So look back to the God who had done great things for us, and look back to you sin in order to move forward; but don’t look back to amass credit for yourself – instead look forward to Christ, who is both goal and call – the Risen, Exalted, Savior has grace in the present, more grace for the future, and glory in the end, when the upward call is complete, when you see His smiling face.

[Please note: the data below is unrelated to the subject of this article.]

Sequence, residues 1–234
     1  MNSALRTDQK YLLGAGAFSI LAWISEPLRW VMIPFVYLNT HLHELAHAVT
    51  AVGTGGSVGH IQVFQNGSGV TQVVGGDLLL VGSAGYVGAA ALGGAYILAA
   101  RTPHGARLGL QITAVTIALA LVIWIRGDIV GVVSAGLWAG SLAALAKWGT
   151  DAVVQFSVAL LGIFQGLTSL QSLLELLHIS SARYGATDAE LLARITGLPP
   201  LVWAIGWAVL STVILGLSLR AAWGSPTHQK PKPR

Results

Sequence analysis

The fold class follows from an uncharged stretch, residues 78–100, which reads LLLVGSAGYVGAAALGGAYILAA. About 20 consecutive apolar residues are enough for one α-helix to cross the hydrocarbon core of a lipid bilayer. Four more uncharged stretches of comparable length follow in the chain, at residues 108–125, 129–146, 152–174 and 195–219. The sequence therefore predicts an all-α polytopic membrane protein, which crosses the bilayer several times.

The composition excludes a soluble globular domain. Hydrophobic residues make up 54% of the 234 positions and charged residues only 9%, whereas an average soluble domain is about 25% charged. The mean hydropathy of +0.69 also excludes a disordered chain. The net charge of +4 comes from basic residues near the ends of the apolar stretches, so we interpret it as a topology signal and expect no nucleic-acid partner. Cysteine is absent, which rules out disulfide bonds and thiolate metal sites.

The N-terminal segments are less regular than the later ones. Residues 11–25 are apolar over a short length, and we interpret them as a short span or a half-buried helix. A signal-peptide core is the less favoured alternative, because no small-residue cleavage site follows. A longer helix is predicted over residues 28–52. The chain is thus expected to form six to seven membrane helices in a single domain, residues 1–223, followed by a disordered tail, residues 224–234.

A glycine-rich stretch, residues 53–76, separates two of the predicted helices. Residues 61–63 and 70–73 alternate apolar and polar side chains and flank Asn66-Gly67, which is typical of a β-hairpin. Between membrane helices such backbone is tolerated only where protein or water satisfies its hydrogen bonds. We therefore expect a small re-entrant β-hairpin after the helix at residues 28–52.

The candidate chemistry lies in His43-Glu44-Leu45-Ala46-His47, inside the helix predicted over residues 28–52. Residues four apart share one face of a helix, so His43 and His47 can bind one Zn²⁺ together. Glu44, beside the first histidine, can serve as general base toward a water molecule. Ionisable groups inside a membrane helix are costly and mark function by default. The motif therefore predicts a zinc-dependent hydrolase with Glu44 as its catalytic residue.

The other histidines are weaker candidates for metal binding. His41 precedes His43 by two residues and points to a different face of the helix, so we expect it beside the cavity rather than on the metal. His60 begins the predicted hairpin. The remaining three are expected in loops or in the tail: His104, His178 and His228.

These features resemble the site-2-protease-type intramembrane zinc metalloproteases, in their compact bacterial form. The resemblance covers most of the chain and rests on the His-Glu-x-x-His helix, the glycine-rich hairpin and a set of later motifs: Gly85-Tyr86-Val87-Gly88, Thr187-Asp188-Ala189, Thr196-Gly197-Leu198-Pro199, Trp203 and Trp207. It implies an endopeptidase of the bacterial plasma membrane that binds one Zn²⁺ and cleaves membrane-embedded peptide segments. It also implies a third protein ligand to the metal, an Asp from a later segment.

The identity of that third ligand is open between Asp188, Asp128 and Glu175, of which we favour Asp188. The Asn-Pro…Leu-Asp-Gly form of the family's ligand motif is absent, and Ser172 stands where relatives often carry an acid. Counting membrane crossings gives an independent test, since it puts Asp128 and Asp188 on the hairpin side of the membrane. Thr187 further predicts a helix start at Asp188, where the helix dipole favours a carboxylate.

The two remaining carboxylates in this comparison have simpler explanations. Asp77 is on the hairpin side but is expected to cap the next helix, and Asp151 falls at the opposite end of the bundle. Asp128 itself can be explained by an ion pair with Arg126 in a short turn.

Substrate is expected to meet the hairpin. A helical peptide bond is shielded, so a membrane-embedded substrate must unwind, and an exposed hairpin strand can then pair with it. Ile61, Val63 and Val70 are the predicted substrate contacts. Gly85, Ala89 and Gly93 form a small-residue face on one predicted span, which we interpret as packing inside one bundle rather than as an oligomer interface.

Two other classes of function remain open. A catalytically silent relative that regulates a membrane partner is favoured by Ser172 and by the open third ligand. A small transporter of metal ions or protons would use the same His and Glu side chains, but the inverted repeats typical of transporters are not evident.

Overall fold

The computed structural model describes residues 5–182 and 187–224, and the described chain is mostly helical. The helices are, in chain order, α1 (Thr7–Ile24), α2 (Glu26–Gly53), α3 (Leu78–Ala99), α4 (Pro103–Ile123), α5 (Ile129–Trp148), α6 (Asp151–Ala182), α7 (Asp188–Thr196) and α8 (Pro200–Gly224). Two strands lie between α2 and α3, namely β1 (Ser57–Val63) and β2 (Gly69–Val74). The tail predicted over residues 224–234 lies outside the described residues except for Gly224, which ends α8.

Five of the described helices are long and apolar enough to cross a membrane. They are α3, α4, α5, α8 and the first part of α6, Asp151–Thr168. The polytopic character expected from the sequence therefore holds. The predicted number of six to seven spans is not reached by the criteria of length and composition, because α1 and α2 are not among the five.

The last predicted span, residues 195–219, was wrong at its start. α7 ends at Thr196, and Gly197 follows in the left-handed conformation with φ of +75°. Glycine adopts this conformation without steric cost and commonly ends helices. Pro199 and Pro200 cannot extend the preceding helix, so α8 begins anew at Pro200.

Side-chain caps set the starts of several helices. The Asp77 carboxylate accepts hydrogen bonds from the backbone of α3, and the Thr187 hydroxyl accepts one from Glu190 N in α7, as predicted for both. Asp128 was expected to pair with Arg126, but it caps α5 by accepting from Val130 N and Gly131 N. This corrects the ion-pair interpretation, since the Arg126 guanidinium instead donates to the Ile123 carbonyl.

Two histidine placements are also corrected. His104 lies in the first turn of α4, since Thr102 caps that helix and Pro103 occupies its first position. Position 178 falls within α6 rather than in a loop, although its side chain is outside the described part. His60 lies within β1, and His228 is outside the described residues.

Remember, always, to look up to Christ!

And if you are plagued by the tendency to look back in wrong ways, or be always glancing over your shoulder at sin, smarten up the pace, look up to Christ – His gaze was always right! He fixed both eyes on the Cross! To win and grant superabundant grace to keep eyes fixed on Him.

via Forgetting what is behind? — Gentle Reformation

January 4 Streams in the Desert

Jesus saith unto him, Go thy way; thy son liveth. And the man believed the word that Jesus had spoken unto him, and he went his way.” (John 4:50.)

When ye pray, believe.” (Mark 11:24.)